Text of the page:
Piva (Serbian Cyrillic: Пива; pronounced [pîʋa]) is a historical region in modern Montenegro, which existed as a tribe also known as Pivljani (Пивљани, pronounced [pîʋʎaːni]) in Old Herzegovina. It is situated in the northwestern highlands of Montenegro, bordering the Republika Srpska (Bosnia and Herzegovina). The Piva lake flows through the region. It includes modern day Plužine.
Piva was a nahiya of the Ottoman Empire, mentioned in the 1476–78 defter. It was earlier mentioned in the Chronicle of the Priest of Duklja (ca. 1300–10) as one of ten counties in the province of Podgorje, and in the St. Stephen Chrysobull of Serbian king Stefan Milutin (r. 1282–1321). It was part of Sanjak of Herzegovina during Ottoman rule.
Under Prince Nicholas I of Montenegro and the Congress of Berlin recognition, in 1878 the Piva together with the Serb Herzegovinian tribes of Banjani, Nikšići, Šaranci, Drobnjaci and a large number of the Rudinjani formed the Old Herzegovina region of the new Montenegrin state.[page needed]
The tribe has since the arrest of Radovan Karadžić, the wartime Bosnian Serb president and member of the neighbourly Drobnjak tribe of Petnjica (from which also the Serbian language reformer Vuk Karadžić descends), petitioned for Tadić's excommunication from the tribe because of Karadžić's arrest. The arrest is seen as directly bad behavior against the Serbian people and from the Piva against the Drobnjak tribe, who had never before had any problems, and it is because of this Tadić's actions have been condemned.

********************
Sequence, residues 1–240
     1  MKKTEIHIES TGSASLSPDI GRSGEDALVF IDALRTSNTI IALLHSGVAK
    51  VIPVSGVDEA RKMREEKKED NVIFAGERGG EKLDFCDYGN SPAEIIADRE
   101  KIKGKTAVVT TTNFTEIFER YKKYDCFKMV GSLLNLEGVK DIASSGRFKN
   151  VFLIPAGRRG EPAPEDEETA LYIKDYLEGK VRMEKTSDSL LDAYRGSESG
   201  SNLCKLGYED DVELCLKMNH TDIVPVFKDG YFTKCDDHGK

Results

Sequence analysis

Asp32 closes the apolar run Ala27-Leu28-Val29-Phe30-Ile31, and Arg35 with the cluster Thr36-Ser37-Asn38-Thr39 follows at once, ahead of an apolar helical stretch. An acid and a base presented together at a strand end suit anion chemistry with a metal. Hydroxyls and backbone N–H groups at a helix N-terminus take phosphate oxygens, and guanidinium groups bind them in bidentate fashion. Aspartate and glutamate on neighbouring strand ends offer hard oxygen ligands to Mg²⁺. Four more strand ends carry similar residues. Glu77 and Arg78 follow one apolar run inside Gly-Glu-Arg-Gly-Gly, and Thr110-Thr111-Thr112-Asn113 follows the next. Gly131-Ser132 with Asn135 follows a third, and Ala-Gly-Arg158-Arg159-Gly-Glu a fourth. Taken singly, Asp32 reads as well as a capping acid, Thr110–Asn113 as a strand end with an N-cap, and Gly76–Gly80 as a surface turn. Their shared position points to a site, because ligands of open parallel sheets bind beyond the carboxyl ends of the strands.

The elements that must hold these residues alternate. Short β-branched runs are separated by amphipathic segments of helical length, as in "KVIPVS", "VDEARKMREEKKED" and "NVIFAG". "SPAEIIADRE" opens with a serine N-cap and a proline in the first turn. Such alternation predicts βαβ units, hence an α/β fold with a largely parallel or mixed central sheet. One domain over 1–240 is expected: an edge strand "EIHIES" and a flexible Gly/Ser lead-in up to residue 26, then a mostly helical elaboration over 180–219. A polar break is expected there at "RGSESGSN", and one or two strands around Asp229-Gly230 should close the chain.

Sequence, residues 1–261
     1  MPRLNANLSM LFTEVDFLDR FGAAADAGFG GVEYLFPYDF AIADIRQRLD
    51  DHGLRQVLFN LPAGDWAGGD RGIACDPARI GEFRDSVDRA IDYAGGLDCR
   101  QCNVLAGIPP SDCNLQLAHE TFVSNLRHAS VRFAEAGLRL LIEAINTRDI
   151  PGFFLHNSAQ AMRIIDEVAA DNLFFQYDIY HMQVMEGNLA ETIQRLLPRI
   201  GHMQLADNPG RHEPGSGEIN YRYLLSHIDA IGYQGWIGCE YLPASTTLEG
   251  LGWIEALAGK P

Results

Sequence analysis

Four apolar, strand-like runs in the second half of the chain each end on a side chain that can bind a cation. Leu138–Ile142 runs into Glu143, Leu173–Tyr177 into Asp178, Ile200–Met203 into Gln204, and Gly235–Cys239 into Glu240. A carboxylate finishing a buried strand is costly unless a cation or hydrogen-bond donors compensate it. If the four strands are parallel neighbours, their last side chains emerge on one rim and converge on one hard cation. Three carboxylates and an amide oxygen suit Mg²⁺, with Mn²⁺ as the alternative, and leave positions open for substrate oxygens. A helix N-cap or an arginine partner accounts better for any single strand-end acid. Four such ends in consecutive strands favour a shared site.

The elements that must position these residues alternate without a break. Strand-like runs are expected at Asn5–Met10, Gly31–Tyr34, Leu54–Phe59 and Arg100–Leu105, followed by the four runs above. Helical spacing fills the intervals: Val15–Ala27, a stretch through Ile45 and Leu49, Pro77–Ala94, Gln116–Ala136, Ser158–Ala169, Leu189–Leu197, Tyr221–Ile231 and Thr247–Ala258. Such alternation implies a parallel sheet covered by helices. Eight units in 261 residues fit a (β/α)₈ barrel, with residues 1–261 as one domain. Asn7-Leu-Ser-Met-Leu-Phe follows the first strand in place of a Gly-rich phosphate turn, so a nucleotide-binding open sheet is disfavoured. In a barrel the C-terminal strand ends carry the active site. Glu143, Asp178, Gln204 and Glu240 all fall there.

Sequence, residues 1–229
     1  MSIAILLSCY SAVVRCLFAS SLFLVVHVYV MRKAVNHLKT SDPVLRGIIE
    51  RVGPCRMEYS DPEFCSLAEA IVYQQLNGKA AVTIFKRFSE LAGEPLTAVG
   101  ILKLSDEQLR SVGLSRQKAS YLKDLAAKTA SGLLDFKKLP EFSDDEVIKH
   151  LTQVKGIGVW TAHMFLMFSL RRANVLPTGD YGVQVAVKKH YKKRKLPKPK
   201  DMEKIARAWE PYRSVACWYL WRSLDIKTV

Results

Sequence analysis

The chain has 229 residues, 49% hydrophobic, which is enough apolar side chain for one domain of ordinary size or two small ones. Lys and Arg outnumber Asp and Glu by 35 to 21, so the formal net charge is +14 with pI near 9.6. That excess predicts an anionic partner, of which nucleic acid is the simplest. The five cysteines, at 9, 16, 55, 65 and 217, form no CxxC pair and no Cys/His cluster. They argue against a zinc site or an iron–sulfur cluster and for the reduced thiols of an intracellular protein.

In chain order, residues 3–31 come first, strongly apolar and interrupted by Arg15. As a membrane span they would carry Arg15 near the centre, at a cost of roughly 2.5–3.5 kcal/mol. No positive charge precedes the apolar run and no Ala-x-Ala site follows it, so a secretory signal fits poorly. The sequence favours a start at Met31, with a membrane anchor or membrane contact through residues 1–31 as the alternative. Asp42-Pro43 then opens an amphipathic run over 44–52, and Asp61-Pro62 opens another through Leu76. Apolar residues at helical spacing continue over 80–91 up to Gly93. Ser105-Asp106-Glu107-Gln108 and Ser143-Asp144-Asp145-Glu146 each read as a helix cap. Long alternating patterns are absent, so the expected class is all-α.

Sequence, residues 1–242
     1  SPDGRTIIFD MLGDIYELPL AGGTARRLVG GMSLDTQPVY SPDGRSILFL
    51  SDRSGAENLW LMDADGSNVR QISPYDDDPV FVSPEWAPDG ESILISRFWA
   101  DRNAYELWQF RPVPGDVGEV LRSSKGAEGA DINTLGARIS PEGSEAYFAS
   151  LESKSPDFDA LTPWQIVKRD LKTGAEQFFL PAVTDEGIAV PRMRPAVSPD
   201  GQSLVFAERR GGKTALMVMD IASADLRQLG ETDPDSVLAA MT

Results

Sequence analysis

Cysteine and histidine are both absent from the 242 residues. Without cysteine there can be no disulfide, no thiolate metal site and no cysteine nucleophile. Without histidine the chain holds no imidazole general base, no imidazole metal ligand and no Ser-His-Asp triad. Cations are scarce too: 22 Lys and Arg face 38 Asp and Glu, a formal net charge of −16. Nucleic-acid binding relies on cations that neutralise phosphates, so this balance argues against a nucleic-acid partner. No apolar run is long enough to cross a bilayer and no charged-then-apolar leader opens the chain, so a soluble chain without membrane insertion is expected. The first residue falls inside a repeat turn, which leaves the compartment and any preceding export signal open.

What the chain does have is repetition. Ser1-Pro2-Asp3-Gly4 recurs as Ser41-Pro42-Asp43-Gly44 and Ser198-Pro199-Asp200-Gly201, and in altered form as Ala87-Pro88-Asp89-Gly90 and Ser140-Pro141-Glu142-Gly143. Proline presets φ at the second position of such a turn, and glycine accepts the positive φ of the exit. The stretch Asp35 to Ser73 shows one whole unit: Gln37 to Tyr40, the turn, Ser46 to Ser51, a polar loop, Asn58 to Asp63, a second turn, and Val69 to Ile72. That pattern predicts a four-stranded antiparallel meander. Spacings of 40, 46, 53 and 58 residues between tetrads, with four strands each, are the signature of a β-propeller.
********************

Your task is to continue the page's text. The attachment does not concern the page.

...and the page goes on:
Pivljani exist outside the Piva region in Glasinac, Sarajevo Polje and Nikšić. The traditional Slava's (Serb-Orthodox Patron Saint holiday) of the Pivljani are predominantly the Nikoljdan and Jovanjdan, although other Slava's may be celebrated in smaller families.
- Nedić, they celebrate the Slava of Jovanjdan
- Tadić, they celebrate the Slava of Jovanjdan
- Kecojević, they celebrate the Slava of Jovanjdan
- Čupić, they celebrate the Slava of Jovanjdan
- Djurkovic, they celebrate the Slava of Nikoljdan
- Skiljevic, they celebrate the Slava of Jovanjdan
- Bajo Pivljanin (d. 1685), Venetian guerilla leader, born in Piva
- Stojan Čupić (1765–1815), Serbian revolutionary, born in Piva
- Arsenije Loma (1778-1815), one of the leaders of the First Serbian Uprising
- Simo and Sćepan Kecojević, soldiers, born in Boričje, Plužine
- Radoman Božović, Prime Minister of Serbia 1991–93, born in Šipačno, Plužine
- Ljubomir Tadić, Yugoslav and Serbian academic, born in Plužine area
- Jovan Cvijić, Serbian academic, by distant paternal ancestry
- Arsenije Gagović
- patriarch Makarije Sokolović
- partiarch Savatije Sokolović
- vojvoda Lazar Sočica
- Vule Adžić
- patriarch Antonije
- patriarch Gerasim
- Spasoje Tadić
- Radoje Dakić
- Obren Blagojević
- Jovan Vuković
- Aleksandar Tijanic, by paternal ancestry
- Vidoje Žarković
- Milka Tadić, by paternal ancestry
- Ivan Kecojević, by paternal ancestry
- Dragan Mićanović, by paternal ancestry
- Momčilo Bajagić, by distant paternal ancestry
- Bojan Dubljević
- Jelena Dubljević
- Stefan Cicmil, by paternal ancestry
- Milan Gutović, by paternal ancestry
- Ivan Ivanović
- Boris Tadić, by paternal ancestry
- Ognjen Tadic, by paternal ancestry
- Novica Tadić
- Blagojević 1971, pp. 609–610.
- Živković, T.; Kunčer, D. (2009), Gesta regum Sclavorum, I–II, Београд, pp. 362–365
- Blagojević 1971, p. 11.
- Blagojević 1971, p. 377.
- Ivo Banac (2 February 1988). The National Question in Yugoslavia: Origins, History, Politics. Cornell University Press. ISBN 0-8014-9493-1.
- http://www.glas-javnosti.rs/clanak/svet/glas-javnosti-28-07-2008/dan-pivljani-hoce-da-se-odreknu-borisa-tadica. Missing or empty
- Svetozar Tomić (1949). Piva i Pivljani. Srpska akademija nauka.
- Milorad Likić; Jovan Plavša (2002). Piva i pivljani nekad i sad. Kulturni centar Karlovačka umetnička radionica.
- Radovan M. Marinković (2002). Pivljani u Čačku. Grafotrade. ISBN 978-86-902669-1-3.
- Srpske porodice i prezimena.